A little while ago, while traversing through the map of Europe, I stumbled upon the ancient and lovely place called Mykonos. Mykonos is an island located in the South Aegean region of Greece. Although a huge island, it is named after the principal town, Mykonos, a customary practice in Greek culture, giving rise to the nickname Chora i.e. The Town in Greek. Mykonos’ most famous nickname is “The Island of Winds”.
Mykonos isn’t very densely populated, with a little over 10,000 inhabitants, it is the ideal tourist spot for a little calm and frolicking. There are 10 main villages with Mykonos, or Chora, being the most important one. Mykonos has a rich history with the Romans, the Byzantines and the Greeks playing a significant role in shaping the island. For all you Greek mythology fans out there, you’d be excited to find out that Mykonos is said to be the location of a great battle between Zeus and Titans and where Hercules killed the invincible giants having lured them from the protection of Mount Olympus. According to a popular myth, the large rocks all over the island are said to be the entire corpses of the giants. Now, ‘nuff said about the history and geography. Let’s jump right into the tourist hotspots!
There are numerous engaging places to visit in Mykonos. Given below are the most popular ones:
Armenistis Lighthouse –
One of my top favorite places to have a panoramic view, the lighthouse, situated atop a hill offers the most spectacular view of the island and the surrounding ones in the Aegean Sea. It is in Fanari, a little far away from Chora.
Mykonos windmills –
The very beauties to give Mykonos its nickname, you can find windmills in all sizes dotting the island everywhere. Out of these, the most famous are the Kato Mili, Greek for lower mills, located in Chora.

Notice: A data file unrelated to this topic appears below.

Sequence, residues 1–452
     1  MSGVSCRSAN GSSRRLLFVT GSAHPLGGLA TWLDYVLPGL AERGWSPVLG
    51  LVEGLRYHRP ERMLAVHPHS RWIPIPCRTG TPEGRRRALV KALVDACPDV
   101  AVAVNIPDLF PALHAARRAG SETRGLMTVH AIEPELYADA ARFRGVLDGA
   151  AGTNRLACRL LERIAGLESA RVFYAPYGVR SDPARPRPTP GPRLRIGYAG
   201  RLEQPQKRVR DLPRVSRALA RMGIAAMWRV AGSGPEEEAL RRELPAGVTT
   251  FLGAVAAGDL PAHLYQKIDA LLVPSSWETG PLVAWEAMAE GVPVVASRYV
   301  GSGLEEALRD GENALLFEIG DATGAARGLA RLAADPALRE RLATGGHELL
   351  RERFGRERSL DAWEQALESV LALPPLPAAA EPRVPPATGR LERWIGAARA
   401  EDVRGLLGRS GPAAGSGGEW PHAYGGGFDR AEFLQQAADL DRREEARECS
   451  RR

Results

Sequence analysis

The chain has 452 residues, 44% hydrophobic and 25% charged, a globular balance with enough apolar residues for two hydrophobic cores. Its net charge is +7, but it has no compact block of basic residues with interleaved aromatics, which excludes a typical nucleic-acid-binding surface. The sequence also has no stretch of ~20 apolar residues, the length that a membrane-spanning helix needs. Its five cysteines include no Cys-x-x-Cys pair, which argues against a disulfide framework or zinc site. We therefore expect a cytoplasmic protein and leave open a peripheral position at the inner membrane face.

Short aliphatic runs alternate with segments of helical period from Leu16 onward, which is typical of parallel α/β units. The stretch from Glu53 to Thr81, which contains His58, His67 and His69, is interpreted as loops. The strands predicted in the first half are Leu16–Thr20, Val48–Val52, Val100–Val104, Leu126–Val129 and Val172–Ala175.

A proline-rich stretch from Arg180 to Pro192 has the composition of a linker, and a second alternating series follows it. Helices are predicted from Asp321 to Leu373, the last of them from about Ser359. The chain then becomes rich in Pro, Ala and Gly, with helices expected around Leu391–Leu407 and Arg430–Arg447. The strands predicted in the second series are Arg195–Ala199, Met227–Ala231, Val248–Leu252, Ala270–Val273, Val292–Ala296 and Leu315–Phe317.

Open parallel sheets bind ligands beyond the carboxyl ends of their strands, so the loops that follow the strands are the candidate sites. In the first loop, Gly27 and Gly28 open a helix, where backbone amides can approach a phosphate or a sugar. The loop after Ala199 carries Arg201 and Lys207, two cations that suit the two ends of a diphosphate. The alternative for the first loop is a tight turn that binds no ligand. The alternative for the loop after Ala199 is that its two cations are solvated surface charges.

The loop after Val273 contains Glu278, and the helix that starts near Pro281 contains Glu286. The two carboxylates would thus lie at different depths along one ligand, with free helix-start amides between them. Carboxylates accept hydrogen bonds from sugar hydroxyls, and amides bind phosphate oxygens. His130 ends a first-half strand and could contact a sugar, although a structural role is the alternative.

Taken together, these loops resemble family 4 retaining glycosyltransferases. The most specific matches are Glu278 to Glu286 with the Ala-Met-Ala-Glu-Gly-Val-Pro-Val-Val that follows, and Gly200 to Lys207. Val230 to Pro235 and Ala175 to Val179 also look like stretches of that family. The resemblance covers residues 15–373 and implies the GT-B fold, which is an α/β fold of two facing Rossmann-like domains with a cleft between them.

Municipal Library –
This 18th century mansion houses over 8,000 books and numerous 18th-19th century photographs and documents. It is in Chora.
Mikri Venetia –
Greek for Little Venice, it is considered one of the most romantic spots on the island and many people gather there to watch the sunset. Rows of 18th century fishing houses line the waterfront with their balconies hanging over the sea. Some of the houses have now been converted into bars and cafes and little shops and galleries. The area attracts many artists who come to paint the picturesque coastline.
An island near Mykonos, Delos is one of the most historical and sacred sites in Greece. Said to be the birthplace of Apollo and Artemis, it is a holy sanctuary for Greeks and is a major tourist attraction. There are countless temples and sacred sites to visit, along with beautiful vista to keep you mesmerized.
Moving on to the climate in Mykonos, it has a typical Mediterranean climate. The sun shines 300 days a year and rainy season is from October to March. Temperatures can reach up to 40 degrees Celsius but average temperature remains around 28 degrees Celsius. In winter, it is around 15 degrees Celsius.
Speaking of the cuisine, Greek cuisine is available easily. Mykonos is known for its desserts and a special cheese called Kopanisti Mykonou.
Travelling to Mykonos is straightforward with Mykonos having its own airport. There are frequent flights from Athens to Mykonos. Ferries to the island are also abundant. Travelling within the island is also hassle-free.
So, what are you waiting for? Take to your favorite travel sites, brush up on your Greek and do your own research. Next stop, Mykonos!!!
ImageSource: Mykonos Life